Feature: Why Aerial_Knight Put His Name On His Game

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Last week’s Indie World Direct was a showcase full of ingenuity, creativity, and excitement, as independent developers from across the world announced their games for the Nintendo Switch, often in their native languages. It wasn’t just twenty minutes of new games – it was a celebration of diversity, and of game development as a global, uniting force.

Aerial_Knight — a Black artist and creator from Detroit, real name Neil Jones, who describes himself as an “avid sleeper, food & anime lover” on his Twitter bio — was one of those developers enjoying the triumph of being on-screen to announce his game for Nintendo’s console. Afterwards, he shared with his followers that the Switch reveal of his debut game was a hard-won success:

The game, described as a “narrative runner”, is called Aerial_Knight’s Never Yield. The choice to include his handle was a conscious branding decision, and one that speaks to the current state of games. “A lot of the time players don’t know who made a game,” he says, over Discord. “I wanted to people to know my handle, and use that name recognition to find my other games I might make in the future.”

The game is joyously committed to its aesthetic (check out the trailer below if you missed it). Set in a Tokyo-esque Detroit, your character — a young Black runner named Wally, kitted out in a hoodie, jeans, and trainers — catapults his body over police barriers, breaks through road blocks, and slides under drones. The colours are loud and vibrant, clashing pinks and yellows in a mirror-shard kaleidoscope of dynamic action.

There’s a lot of environmental storytelling going on without a single word, including the funk-hip-hop soundtrack by Detroit artist Daniel Wilkins. “He was my first and only choice,” says Aerial_Knight, who has known Wilkins since childhood. The presence of police, too, is hard to ignore, as their vans and drones chase you, and their guns aim at you, although we’re told that things aren’t what they appear at first. “I try to leave the story open for people to come up with their own game theory about what’s really going on,” says Aerial_Knight, “but I will say the “people” after Wally aren’t cops.”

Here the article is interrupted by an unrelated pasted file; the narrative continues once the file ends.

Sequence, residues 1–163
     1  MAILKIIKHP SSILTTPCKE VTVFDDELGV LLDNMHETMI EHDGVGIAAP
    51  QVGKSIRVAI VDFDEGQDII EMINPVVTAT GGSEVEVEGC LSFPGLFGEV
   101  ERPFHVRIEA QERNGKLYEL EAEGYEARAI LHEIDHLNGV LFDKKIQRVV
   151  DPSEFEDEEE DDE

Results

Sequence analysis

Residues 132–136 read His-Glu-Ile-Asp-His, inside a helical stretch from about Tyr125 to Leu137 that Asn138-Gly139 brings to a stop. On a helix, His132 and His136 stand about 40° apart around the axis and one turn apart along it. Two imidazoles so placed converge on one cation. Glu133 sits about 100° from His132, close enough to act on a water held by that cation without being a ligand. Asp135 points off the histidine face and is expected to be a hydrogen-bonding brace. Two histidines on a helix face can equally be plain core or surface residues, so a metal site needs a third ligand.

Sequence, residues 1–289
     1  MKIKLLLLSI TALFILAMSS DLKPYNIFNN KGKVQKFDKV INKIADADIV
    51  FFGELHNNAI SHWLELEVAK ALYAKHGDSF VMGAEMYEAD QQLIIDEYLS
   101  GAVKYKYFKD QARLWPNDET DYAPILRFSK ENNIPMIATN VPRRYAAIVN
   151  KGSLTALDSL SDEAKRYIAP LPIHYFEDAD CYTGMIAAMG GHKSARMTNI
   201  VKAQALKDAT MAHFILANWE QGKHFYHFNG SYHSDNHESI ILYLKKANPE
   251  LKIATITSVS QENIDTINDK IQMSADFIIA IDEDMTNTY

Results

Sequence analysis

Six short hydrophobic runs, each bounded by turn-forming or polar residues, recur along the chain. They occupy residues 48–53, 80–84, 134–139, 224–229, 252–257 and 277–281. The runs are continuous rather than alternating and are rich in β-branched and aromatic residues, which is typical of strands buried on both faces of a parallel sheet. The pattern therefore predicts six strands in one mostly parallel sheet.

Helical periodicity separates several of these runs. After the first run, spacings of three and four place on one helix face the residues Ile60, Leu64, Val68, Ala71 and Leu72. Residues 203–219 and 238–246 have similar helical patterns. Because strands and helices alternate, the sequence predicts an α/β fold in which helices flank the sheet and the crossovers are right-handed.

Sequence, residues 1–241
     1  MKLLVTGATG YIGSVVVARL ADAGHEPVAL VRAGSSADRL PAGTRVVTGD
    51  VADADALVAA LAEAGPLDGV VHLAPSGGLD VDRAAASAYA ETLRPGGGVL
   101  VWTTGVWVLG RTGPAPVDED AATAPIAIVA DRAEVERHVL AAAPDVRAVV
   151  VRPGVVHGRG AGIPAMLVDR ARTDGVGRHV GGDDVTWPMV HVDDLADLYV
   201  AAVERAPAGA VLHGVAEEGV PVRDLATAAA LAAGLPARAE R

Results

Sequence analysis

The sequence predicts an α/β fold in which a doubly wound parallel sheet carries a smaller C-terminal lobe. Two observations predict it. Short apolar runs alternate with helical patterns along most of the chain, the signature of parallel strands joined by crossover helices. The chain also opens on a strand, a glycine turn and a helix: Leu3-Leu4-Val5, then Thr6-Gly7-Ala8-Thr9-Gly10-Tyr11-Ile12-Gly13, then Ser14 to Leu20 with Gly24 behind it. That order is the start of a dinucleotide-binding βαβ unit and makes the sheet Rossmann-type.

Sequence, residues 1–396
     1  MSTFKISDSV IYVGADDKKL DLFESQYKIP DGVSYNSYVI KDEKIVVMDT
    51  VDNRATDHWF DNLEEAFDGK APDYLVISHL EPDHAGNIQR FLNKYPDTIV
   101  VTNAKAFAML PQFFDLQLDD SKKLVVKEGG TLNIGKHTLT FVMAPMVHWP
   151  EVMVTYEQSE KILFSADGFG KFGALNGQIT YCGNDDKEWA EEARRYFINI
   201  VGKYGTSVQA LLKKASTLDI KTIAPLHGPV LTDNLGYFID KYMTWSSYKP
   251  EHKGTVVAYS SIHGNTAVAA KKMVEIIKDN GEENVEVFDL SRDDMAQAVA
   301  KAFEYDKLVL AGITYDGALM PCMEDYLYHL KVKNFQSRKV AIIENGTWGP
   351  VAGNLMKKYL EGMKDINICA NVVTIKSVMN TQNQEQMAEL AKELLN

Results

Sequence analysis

“I try to aim away from anything too realistic or sad and keep it fun,” he adds.

Aerial_Knight’s enthusiasm and optimism is infectious and, perhaps, surprising given the relentless struggle he has faced breaking into the industry. “I had about three real interviews in about seven years of looking,” he tells us. “There are a lot of people out there like me that just have to do a lot more work to get in the door.”

His experience appears to be far from an isolated one. A 2019 survey by the International Game Developers Association found that just 2% of surveyed IGDA members in the US game industry identified as Black, African-American, African, or Afro-Caribbean — and those numbers are the lowest of any racial identity included in the survey, suggesting a huge underrepresentation of Black game developers in the industry.

I had about three real interviews in about seven years of looking. There are a lot of people out there like me that just have to do a lot more work to get in the door.

“I went to school to learn game dev,” says Aerial_Knight of his early days in games. “I spent a lot of time teaching myself before focusing on the art side of things.” His upcoming game began as a side project in 2019 while working “crappy” day jobs to earn a living. He planned to give up on game development after a year of working on it, but instead he ended up appearing on-screen in a Nintendo Direct watched by millions.

The involvement of publisher Headup enabled him to expand on his ideas. “I never really went looking for funding for this project. I built it on my own for the most part then only when I luckily got a publisher did I decide to add a few more features and levels. I can’t speak on how all of that played out but [email protected] offered a lot of help funding additional development.”

Aerial_Knight first got a taste of coding through Neopets, and many aspiring developers probably have similar stories; learning HTML through a blog, playing around with C# on Unity, making something small and crappy on RPGMaker. All of these tools have one thing in common: they’re free and available to anyone who can access a computer with internet. Kids these days have more coding options available to them that are even more beginner-friendly, such as Minecraft‘s Redstone and Command Blocks. “I would tell [young gamers] to play with things like Roblox and Dreams – I wish I had those tools when I was a kid,” says Aerial_Knight. “As long as you’re doing something you enjoy and learning, then you’re doing good.”

Suda51 was a particular inspiration when he was younger, but now Aerial_Knight himself is potentially a role model for game devs younger than him. As evidenced by the replies to his tweet, developers and players alike reacted to the trailer and announcement with excitement, not just for the game, but also for seeing a young creator they support and identify with centre stage on a global platform. “I’m glad I could be a part of making more people feel represented,” he says. The reception so far to the game, he adds, has been “really good”.

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